Delaini said the permit was issued the day before the event, with the provision that there be no amplified sound after 11 p.m.

“During the course of the event,” he added, “officers from the West Sacramento Police Department conducted a total of seven ‘extra patrols’ of the area. The event generated a total of two documented calls for service. One of which was a medical aid and one was for a female who was refusing to leave the event. . . no noise complaints were called in during this two-day event.”

The News-Ledger did spot one other crime report apparently affiliated with the “Great Horror Campout.” The morning after, “Great Horror Campout” staff reported the vandalism of a $999 mannequin.

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Copyright News-Ledger 2014

Council votes to allow indoor cultivation of marijuana, within limits

FROM THE NEWS-LEDGER — JAN 22, 2014 —

By Steve Marschke
News-Ledger Editor

The West Sacramento City Council voted 4-0 last week to allow cultivation of marijuana within city limits – but only in certain places, by certain people and in limited spaces.

Marijuana cultivation remains illegal under federal law.

The new city rules are meant to reconcile the state “Compassionate Use Act,” which allows people to use marijuana for medical purposes, with the rights of their neighbors. City staff say that outdoor marijuana cultivation attracts crime, for example, and generates an unwelcome odor from the plants.

In late 2012, the city placed a moratorium on outdoor cultivation of the plant.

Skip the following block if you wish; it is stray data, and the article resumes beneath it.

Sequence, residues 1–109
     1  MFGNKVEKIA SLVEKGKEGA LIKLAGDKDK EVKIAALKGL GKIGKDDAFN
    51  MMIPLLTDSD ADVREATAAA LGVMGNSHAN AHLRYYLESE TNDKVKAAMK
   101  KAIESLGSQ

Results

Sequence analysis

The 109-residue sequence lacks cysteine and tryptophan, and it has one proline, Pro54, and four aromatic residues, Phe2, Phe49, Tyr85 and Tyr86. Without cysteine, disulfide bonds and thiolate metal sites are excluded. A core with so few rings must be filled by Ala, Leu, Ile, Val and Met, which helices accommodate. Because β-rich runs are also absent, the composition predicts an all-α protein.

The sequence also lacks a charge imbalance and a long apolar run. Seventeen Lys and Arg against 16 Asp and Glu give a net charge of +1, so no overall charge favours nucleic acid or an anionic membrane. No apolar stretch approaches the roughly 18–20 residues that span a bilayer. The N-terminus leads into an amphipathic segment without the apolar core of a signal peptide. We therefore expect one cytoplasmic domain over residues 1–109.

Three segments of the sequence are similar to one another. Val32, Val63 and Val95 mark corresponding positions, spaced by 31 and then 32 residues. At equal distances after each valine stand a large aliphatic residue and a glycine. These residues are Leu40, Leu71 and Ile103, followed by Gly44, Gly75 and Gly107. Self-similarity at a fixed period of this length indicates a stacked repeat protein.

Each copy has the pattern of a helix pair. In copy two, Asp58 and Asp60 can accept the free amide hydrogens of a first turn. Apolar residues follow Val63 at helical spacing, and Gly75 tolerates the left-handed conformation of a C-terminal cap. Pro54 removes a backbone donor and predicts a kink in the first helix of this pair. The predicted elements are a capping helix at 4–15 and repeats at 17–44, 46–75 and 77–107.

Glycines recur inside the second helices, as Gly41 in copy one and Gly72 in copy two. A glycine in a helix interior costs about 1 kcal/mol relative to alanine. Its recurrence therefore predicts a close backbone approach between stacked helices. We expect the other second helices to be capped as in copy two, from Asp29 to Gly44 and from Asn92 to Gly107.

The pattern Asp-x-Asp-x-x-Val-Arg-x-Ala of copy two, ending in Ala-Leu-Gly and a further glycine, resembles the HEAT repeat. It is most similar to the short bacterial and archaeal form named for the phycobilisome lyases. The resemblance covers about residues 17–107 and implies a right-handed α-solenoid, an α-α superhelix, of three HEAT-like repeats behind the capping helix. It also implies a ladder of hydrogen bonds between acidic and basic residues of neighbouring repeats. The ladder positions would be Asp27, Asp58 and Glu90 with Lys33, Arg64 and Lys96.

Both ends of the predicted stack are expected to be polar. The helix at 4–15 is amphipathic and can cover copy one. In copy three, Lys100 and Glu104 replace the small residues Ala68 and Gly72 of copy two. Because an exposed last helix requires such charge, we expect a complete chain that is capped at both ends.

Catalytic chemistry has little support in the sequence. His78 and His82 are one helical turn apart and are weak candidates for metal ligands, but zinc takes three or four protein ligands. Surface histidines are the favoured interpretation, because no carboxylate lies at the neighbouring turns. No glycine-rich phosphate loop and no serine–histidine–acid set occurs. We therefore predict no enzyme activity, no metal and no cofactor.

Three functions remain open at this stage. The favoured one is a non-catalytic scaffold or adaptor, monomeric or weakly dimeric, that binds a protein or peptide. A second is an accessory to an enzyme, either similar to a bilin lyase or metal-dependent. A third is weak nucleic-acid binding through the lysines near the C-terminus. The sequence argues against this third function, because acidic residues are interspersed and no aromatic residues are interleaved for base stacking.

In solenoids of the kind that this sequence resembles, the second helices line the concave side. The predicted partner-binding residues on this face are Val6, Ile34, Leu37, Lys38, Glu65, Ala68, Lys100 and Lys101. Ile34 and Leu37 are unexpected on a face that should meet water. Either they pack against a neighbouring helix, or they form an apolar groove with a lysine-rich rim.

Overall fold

Last week, the council approved new rules that continue to prohibit outdoor growth. The rules also require a city permit to grow marijuana. They restrict cultivation to people who live on their own residential property, allow it to be grown on up to 120 square feet of indoor space. Growing is prohibited within 600 feet of schools or child care centers.

The city planning commission recommended that distance be increased to 1,000 feet, but the city council did not adopt that recommendation. Staff said a 1,000-foot buffer “could essentially result in a de facto ban.”

Those wanting to grow marijuana will have to present medical documentation to get a permit.

One member of the public spoke out against the rules, saying, “In my opinion, (marijuana) is a forerunner to something much worse. I’m against seeing it even get started in our community.”

CITY COUNCILMAN OSCAR VILLEGAS said West Sacramento has carefully studied the issue before acting. (News-Ledger file photo)

CITY COUNCILMAN OSCAR VILLEGAS said West Sacramento has carefully studied the issue before acting. (News-Ledger file photo)

Councilman Oscar Villegas commented on the proposed rules: